wool01There are many natural insulation products available today, so why would you choose wool, or more specifically, sheep wool insulation products.

Since 8,000 BC, sheep have been able to adapt to even the harshest of environments; their wool protects them through hot, cold, damp and dry seasons. Because of their crimped nature, when wool fiber is packed together, it forms millions of tiny air pockets which trap air, and in turn serves to keep warmth in during winter and out in the summer.

The crimp in the wool fiber forces each strand to bump up against each other, as opposed to lining up side by side or laying down flat together. This keeps the tiny air pockets intact, acting as little insulators — the key to being able to keep you both warm and cool.

The unique advantage of wool as an insulator is the NATURE of the fiber.

  • It absorbs and desorbs moisture; it heats and cools as this process takes place. Wool therefore can absorb moisture in your house, preventing condensation.
  • It has plastic memory, not that there is any plastic in wool, but rather that technical description is used to explain the “crimp”; the ability to retain the shape it was in before it left the sheep.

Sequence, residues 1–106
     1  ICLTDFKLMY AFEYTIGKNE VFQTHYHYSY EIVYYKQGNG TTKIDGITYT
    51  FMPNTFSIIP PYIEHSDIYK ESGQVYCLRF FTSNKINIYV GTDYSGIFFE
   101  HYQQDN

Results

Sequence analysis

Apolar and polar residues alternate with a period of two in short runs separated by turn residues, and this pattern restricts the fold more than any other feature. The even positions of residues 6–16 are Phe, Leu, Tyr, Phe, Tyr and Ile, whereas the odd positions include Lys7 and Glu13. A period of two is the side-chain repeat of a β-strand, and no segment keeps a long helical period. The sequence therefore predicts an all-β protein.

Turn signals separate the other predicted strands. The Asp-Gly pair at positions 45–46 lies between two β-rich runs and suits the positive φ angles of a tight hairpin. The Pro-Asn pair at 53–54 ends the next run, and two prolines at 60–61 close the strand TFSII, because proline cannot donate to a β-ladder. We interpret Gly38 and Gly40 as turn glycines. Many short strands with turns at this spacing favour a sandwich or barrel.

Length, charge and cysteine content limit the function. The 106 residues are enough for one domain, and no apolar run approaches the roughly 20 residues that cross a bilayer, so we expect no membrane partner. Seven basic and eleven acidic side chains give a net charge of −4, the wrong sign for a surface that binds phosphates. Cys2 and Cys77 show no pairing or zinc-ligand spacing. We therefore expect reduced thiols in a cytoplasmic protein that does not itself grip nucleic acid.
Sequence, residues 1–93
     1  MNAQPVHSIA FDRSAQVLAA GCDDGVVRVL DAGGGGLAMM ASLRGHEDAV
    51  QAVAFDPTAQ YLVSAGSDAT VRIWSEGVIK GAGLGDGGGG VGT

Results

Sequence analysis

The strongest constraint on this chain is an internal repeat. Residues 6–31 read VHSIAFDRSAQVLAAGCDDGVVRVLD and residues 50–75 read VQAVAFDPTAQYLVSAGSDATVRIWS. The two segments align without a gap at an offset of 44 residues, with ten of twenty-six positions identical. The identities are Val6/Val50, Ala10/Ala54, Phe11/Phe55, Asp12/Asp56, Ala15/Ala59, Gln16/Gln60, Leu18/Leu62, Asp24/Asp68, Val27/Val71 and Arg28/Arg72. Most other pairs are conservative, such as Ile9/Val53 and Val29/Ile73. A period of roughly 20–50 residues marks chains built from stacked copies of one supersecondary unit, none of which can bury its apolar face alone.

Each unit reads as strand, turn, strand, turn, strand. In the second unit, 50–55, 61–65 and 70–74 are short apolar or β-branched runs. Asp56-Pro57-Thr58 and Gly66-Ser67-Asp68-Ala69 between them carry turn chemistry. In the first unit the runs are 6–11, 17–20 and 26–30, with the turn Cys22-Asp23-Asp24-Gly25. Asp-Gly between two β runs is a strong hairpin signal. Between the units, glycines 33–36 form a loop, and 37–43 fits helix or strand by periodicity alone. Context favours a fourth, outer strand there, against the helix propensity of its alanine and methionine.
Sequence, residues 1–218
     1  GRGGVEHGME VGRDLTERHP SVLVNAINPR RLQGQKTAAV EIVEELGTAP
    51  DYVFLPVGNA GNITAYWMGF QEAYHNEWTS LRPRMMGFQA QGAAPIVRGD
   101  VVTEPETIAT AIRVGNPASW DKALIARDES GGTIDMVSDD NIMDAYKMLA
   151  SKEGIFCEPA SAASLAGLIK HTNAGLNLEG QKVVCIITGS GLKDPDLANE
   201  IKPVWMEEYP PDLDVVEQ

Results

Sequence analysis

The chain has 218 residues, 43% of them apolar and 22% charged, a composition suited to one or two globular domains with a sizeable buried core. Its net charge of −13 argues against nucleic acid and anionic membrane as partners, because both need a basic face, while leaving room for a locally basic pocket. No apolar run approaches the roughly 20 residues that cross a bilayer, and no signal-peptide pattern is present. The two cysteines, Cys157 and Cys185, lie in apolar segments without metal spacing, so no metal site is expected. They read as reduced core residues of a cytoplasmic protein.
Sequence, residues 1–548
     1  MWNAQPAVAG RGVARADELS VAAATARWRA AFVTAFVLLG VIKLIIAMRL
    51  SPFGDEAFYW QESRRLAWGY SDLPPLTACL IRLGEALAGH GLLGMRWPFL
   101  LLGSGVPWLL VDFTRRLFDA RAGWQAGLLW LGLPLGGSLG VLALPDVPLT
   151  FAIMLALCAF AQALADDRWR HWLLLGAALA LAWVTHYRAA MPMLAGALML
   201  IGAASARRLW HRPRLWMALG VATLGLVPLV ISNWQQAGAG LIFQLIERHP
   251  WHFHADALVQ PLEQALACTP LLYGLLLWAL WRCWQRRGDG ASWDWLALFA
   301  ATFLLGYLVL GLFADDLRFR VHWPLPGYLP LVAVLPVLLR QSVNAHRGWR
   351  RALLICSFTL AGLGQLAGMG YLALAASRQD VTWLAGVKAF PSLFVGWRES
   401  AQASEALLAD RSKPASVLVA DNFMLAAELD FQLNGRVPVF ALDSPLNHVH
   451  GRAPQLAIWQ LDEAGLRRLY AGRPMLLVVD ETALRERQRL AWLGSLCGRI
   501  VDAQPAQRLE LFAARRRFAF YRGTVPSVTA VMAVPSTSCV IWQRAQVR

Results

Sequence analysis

• The energy required to produce our insulation is less than 10% of that required to produce traditional insulation materials.
  • Wool can absorb and breakdown indoor air pollutants such as formaldehyde, nitrogen dioxide, and sulfur dioxide.
  • Wool is a sustainable and renewable resource; every year our sheep grow a new crop.
  • Wool is completely recyclable; at the end of its life as insulation it can be re-manufactured, reused, or biodegraded.
  • Wool is an excellent absorption medium of sound waves; its inherent qualities provide much more acoustic insulation than traditional insulation in similar applications.
  • While wool is generally fire resistant, our wool is treated with a 100% natural solution of organic materials that provide unequaled fire and vermin resistance. These materials are bonded chemically to the wool fiber, not merely “glued on” as in most other insulation products.
  • A material’s R-value is the measure of its resistance to heat flow. It is important to know the R-value because many states or regions require that a roof system have a minimum amount of thermal resistance on commercial, industrial, and/or institutional buildings. The way it works is simple: the higher the R-value, the more the material insulates.
  • Some common roofing materials and their corresponding values for Thermal Conductance (C) and Thermal Resistance (R) are shown in the following table.